The spraying is in all respects effected in the conventional manner previously utilized for self-bonding flame spray material, and in particular nickel aluminum composites. Due to the self-bonding characteristics, special surface preparation other than a good cleaning is not required though, of course, conventional surface preparation may be utilized if desired. The powder in accordance with the invention may be flame-sprayed as a bonding coat for subsequently applied flame spray material. The composites may furthermore be sprayed in conjunction with, or in addition to, other flame spray materials conventionally used in the art.
When sprayed, the nickel and/or cobalt and aluminum are believed to react exothermically, forming a nickel and/or cobalt aluminide intermetallic. Complex aluminides and alloys with other metals, when present, may be formed.
The term "composite" as used herein is intended to designate a structurally integral unit and does not include a mere mixture of components which may be physically separated without any destruction of the structure. Thus, in the case of powder, the term "composite" does not include a simple mixture of individual granules of the separate components, but requires that each of the individual granules contain the separate components which will exothermically react, forming intermetallic compounds. In the case of wire, the individual components must be incorporated in a single wire. In the composite the components must be in intimate contact with each other.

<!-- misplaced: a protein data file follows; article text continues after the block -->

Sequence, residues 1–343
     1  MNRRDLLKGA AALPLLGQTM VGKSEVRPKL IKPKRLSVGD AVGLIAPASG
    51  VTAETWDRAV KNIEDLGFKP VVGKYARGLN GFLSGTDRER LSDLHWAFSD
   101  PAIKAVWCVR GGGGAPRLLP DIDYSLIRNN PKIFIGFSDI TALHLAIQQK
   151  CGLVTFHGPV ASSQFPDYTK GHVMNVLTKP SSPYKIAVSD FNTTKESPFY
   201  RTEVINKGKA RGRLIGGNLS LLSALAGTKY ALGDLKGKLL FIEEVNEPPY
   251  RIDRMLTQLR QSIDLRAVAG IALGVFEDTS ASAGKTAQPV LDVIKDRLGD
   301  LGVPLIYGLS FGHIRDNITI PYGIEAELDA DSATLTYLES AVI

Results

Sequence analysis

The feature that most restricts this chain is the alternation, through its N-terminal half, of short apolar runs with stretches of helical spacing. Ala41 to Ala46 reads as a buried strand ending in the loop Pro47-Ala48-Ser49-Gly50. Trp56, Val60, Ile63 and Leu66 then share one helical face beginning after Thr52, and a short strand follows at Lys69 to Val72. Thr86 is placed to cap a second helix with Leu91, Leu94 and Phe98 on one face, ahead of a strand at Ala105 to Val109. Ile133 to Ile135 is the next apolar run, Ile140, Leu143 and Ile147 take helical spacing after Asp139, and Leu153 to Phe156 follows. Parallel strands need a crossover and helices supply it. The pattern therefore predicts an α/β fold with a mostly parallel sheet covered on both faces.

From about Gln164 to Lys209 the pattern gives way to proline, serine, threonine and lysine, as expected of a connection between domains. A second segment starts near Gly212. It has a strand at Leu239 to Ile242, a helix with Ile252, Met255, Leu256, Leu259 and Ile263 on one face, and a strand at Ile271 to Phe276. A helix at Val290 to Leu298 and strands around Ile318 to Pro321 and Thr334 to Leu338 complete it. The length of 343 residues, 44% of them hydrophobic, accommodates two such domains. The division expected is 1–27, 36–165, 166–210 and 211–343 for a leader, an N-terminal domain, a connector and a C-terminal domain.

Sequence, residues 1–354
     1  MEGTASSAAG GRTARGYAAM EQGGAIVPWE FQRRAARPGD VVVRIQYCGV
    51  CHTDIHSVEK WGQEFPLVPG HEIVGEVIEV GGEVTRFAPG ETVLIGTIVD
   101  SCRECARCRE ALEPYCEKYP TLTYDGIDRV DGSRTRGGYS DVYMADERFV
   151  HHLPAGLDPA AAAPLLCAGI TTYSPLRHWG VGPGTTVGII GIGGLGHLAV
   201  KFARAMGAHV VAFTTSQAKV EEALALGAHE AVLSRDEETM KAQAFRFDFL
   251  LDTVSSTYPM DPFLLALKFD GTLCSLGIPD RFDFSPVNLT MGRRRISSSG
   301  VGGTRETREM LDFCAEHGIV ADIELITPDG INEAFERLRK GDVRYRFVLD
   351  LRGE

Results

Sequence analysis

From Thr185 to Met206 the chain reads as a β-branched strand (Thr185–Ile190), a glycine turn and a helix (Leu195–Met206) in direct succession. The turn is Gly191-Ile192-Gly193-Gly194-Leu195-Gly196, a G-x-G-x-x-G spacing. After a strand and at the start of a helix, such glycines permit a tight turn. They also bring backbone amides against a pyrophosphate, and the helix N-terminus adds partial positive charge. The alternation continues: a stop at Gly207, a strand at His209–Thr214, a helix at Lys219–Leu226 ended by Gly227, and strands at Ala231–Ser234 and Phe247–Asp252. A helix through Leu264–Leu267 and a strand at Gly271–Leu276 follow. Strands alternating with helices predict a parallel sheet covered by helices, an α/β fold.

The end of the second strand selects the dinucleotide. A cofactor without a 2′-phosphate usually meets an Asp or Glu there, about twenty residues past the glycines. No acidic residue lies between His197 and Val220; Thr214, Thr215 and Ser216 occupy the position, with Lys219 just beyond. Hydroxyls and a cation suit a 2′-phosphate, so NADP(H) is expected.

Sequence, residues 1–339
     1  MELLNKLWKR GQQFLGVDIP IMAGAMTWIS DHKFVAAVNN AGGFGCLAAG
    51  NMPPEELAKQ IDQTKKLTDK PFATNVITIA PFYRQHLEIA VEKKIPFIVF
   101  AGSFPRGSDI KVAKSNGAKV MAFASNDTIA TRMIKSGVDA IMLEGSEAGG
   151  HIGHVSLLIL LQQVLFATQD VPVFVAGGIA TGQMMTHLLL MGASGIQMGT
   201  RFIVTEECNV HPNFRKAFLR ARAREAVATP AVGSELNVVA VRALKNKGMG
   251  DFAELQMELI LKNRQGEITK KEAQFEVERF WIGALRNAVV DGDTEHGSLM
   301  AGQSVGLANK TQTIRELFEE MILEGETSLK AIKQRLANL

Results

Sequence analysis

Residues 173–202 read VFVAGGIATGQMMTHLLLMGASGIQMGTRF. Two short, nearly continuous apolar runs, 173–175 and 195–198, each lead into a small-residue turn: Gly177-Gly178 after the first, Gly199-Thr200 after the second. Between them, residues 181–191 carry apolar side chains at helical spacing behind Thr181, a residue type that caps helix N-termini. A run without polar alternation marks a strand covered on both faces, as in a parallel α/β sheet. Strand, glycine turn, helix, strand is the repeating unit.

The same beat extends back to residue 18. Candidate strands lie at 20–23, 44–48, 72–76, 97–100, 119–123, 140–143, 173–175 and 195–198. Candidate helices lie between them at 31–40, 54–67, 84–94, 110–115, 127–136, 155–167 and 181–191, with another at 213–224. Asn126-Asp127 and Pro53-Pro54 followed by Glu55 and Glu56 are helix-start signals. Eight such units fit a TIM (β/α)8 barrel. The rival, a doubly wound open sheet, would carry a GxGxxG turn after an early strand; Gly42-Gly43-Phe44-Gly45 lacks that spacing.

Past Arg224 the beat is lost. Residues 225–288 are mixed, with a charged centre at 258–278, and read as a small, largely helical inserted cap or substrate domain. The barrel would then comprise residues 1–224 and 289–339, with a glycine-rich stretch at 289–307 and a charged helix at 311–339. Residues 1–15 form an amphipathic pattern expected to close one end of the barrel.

In connection with powders, each grain may consist of an aggregate containing the components which will exothermically react, forming the intermetallic compound, but preferably the individual grains of the powder are in the form of a clad composite consisting of a nucleus of one of the components and at least one coating layer of the other components. Alternatively, the composite may consist of separate, concentric coating layers of at least two of the components and a nucleus of two, three or even a fourth material.
In the case of wires, the composites may be in the form of a wire having a coating sheath of one material and a core of the others, alternate coating sheaths of two of the components and a core of the third or a fourth material, a wire formed by twisting or rolling separate wire strands of the components, a wire consisting of a sheath of one component and a core containing the other components in powder or compacted form, a wire consisting of a sheath of one component and a core containing a compacted powder mixture of this same component material and other components, a wire consisting of a plastic sheath and a core containing a compacted powder mixture of components, etc.